U.S. defends crowded spectrum
- By Paula Shaki Trimble
- Jul 17, 2000
The United States has successfully blocked mobile satellite communications
companies from laying claim to part of the radio spectrum allocated to the
Global Positioning System, but the government now faces a threat from a
new communications technology.
At this spring's World Radiocommunication Conference 2000 in Istanbul,
Turkey — where the International Telecommunication Union met from May through
June — a U.S. delegation led by Ambassador Gail Schoettler ended a 3-year-old
proposal for allowing mobile satellite communications services to share
portions of the spectrum allocated for GPS.
GPS, a system of at least 24 satellites operated by the Defense Department,
provides accurate positioning and timing information to users on the ground,
in the air or in space. GPS is used to navigate and land aircraft, guide
missiles and time cellular telephone transfers, all of which require high
levels of accuracy.
"Of all the many complicated issues we had, the one we did best on was GPS,"
Schoettler said recently, crediting industry for its efforts to gain support
from other countries, each of which get one vote at WRC 2000.
The U.S. gained protection for GPS in three major areas:
* The ITU approved 1,164 MHz to 1,215 MHz for a third civilian GPS signal
to be developed based on requirements for aviation.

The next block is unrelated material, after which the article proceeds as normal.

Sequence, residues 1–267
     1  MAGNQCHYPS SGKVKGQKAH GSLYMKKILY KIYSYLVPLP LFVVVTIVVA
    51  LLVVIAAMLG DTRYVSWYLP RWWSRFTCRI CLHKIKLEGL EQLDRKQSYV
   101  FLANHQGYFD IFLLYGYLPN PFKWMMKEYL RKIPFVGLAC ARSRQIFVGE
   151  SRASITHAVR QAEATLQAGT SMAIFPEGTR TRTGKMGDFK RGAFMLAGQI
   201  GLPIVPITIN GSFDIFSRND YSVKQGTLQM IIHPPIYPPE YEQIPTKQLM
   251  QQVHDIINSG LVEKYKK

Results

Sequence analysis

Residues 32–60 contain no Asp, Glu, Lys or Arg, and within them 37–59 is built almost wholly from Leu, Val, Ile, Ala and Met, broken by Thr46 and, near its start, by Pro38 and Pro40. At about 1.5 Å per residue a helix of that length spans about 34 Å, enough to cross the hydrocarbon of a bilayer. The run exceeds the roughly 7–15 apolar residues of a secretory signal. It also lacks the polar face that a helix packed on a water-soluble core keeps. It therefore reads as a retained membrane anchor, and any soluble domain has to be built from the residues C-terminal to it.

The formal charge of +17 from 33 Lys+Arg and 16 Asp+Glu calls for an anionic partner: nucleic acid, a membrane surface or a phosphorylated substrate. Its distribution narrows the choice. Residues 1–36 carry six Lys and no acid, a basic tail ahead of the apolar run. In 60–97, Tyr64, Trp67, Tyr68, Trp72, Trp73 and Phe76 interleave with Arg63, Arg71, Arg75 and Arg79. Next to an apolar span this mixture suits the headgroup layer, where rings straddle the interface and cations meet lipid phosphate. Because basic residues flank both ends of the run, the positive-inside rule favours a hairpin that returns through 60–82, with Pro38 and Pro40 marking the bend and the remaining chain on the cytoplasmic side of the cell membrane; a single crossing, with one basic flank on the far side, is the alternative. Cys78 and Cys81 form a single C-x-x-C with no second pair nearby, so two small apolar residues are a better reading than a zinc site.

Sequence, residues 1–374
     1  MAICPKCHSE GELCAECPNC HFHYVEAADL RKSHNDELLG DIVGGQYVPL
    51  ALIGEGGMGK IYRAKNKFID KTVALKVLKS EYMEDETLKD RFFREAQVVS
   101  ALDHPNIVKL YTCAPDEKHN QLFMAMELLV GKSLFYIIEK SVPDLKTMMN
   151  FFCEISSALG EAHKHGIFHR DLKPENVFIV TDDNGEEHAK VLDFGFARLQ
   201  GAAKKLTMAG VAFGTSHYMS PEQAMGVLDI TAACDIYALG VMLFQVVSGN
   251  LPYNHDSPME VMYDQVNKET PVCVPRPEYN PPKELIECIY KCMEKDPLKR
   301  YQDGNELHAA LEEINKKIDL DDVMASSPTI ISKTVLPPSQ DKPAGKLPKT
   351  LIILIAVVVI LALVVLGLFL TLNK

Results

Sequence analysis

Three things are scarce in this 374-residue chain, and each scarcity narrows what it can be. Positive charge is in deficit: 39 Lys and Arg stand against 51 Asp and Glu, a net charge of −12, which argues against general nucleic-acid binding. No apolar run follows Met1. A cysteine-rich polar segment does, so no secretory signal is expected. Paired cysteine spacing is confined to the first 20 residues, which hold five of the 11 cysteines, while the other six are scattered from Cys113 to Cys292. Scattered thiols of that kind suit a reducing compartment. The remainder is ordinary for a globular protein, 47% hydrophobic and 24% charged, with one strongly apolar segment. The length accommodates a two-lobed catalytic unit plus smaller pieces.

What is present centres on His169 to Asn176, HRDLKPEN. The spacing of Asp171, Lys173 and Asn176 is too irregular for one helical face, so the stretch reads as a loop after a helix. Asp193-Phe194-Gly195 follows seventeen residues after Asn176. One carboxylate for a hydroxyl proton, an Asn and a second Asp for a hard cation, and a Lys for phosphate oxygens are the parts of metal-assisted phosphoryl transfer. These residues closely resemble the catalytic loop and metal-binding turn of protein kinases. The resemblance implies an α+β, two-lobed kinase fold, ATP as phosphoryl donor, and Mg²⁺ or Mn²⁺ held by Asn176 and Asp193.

The new signal, called L5, will be centered on 1,176.45. The allocation
also provides 24 MHz of spectrum for Europe's satellite navigation system,
* Protection for the GPS satellite signal broadcast from one space asset
to another space asset was granted in all three GPS spectrum bands — 1,176.45
MHz, 1,227.6 MHz and 1,575 MHz.
* The ITU suppressed a resolution to allow mobile satellite services to
share the GPS spectrum, which means the proposal is dead for the time being.
Still, Schoettler said the issue of sharing the GPS spectrum could be
raised again. "Even though the U.S. won big on GPS at WRC, I don't think
you can count on being safe," she said.
And the United States now faces a threat to GPS signals by a new radar
and wireless communications technology called ultra-wideband.
Studies to measure the effects of ultra-wideband on GPS signals are
being conducted by the Transportation Department at Stanford University,
by the National Telecommunications and Information Administration, and by
The Federal Communications Commission has issued a notice of proposed
rule-making on whether to allow ultra-wideband technology to operate in
the radio spectrum, and it plans to use the results of interference studies
to make a decision in the fall.
Witnesses at a June 29 House Transportation and Infrastructure Committee
hearing on the Federal Aviation Administration's GPS-based Wide-Area Augmentation
System and other spectrum issues stressed the need for adequate time to
analyze the impact of ultra-wideband on GPS and the importance of interference-free
GPS bands when pilots are using the system to land passenger airplanes.